Creating a Legacy Collection for Yourself

Creating a Legacy Collection for Yourself

I work with many clients, and as one might expect the collections I am seeing are getting bigger and bigger. I am currently working on two personal photo collections over 100k images and that is not uncommon.

The question then becomes, where is this going and do we really want to go there?

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Our photos are the trophies of our lives

Our photos are the trophies of our lives

For years my mother had old photos of myself and other family members and friends thumbtacked to a corkboard in her kitchen. When I moved my mother out of her home a few years ago I had to remove these up to 40-year-old photos that were now faded and yellow and had multiple tiny holes in them from the repeated thumbtacking. If one didn’t know better you might have thought that I and my other family members were victims of some terrible voodoo ritual. Maybe Mom did have some unresolved feelings she was expressing, but more likely they just kept falling down.

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…scanned from my archive. Posing at Grandpa’s studio

…scanned from my archive. Posing at Grandpa’s studio

I’ve mentioned many time that my Grandfather, Boris Lenoff, owned and ran a portrait studio on the Coney Island Boardwalk in Brighton Beach, Brooklyn. It later moved to Ocean Parkway and probably closed sometime in the sixties when he sold off the entire inventory of cameras and photo files.

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…scanned from my archive. Tim and Nico go out Midwest – 1974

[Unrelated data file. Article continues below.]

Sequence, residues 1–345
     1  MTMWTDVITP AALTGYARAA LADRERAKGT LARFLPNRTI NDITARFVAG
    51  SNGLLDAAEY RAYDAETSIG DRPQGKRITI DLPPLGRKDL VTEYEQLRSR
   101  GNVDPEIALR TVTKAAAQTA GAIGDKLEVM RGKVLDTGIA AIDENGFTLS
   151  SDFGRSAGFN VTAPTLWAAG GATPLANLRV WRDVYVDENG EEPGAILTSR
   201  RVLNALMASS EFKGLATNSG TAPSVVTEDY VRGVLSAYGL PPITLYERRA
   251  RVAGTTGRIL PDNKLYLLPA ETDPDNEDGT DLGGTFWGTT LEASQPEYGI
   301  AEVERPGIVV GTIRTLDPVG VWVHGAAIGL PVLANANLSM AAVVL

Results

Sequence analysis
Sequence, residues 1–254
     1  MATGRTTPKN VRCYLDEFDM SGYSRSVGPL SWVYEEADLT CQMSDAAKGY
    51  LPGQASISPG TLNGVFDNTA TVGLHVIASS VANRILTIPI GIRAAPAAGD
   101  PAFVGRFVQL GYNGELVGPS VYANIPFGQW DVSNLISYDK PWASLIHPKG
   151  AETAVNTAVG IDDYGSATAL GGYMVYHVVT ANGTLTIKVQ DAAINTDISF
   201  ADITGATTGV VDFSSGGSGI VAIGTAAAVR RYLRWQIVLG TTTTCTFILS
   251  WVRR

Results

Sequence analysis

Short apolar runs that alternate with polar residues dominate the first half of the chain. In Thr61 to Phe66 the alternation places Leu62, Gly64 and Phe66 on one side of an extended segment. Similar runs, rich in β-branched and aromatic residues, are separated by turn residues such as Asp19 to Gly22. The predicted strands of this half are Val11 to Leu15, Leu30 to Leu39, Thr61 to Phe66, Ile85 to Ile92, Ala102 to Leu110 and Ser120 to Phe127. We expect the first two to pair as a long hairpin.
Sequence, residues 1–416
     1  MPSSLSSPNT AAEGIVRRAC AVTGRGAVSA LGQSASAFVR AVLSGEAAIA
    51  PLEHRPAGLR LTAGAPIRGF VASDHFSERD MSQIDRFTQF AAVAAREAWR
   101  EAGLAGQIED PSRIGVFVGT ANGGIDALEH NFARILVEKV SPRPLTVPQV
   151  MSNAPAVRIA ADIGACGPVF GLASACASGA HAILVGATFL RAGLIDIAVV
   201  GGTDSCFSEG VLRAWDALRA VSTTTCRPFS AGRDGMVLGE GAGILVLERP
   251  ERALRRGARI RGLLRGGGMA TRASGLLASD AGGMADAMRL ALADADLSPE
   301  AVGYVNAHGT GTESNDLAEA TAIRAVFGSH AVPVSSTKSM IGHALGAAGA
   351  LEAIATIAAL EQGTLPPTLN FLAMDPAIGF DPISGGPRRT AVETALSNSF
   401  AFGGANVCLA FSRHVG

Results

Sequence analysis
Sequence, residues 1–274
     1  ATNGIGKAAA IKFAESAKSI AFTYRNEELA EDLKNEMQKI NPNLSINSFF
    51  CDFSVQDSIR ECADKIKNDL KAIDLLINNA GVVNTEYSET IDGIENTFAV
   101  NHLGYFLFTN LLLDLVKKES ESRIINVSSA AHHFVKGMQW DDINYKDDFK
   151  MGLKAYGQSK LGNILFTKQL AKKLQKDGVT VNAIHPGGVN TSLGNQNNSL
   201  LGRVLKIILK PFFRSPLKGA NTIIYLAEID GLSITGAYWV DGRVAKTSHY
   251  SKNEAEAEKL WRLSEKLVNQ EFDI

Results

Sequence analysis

…scanned from my archive. Tim and Nico go out Midwest – 1974

In 1974 my brothers Tim and Nico took a trip out the Midwest to visit their grandparents. My stepmother Susan was originally from Minnesota but her parents had relocated to Missouri and so the family took off for the heartland. Along the way they stopped for a visit to Mount Rushmore.

I love this shot that my father took. The quintessential snapshot would have typically had my brothers facing the camera, framed from head to toe (because we all know how important it is to include footwear in meaningful family portraits), with the four presidents shrunk to minuscule versions of themselves in the background.

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Saving your family photo collection from devastating events

Saving your family photo collection from devastating events

I recently had a chance to visit the fire zone in Agoura and Malibu, this was the wildfire called the Woolsey Fire that scorched parts of LA and Ventura Counties in November of 2018. It burned almost 100k acres, destroyed over 1600 homes and killed three people. Almost 300,000 people had to evacuate their homes, and it was many days before they could return because of fallen power lines and the danger from falling trees and branches. Most were lucky to return to intact homes, but many were not.

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It’s wildfire season; do you know where your photos are?

It’s wildfire season; do you know where your photos are?

Depending on what part of the country you live in, natural disasters can strike, and strike fast. While here in California we are bracing for another torrid wildfire season (and it’s always earthquake season), the Gulf States are readying themselves for a hurricane season that seemingly gets more intense each year. Other parts of the country can experience tornados, floods and Nor’easters.

Natural disasters can be horrific, but fires and floods in your home can also cause terrible damage and wipe out most, if not all belongings.

So of course you grab your kids and pets, but what is next on the list, that’s if you even have the time? Many people grab the family photos. But as we are living in the age of digital, the question has to be asked – do you know which hard drive to grab? And what about your older prints and albums?

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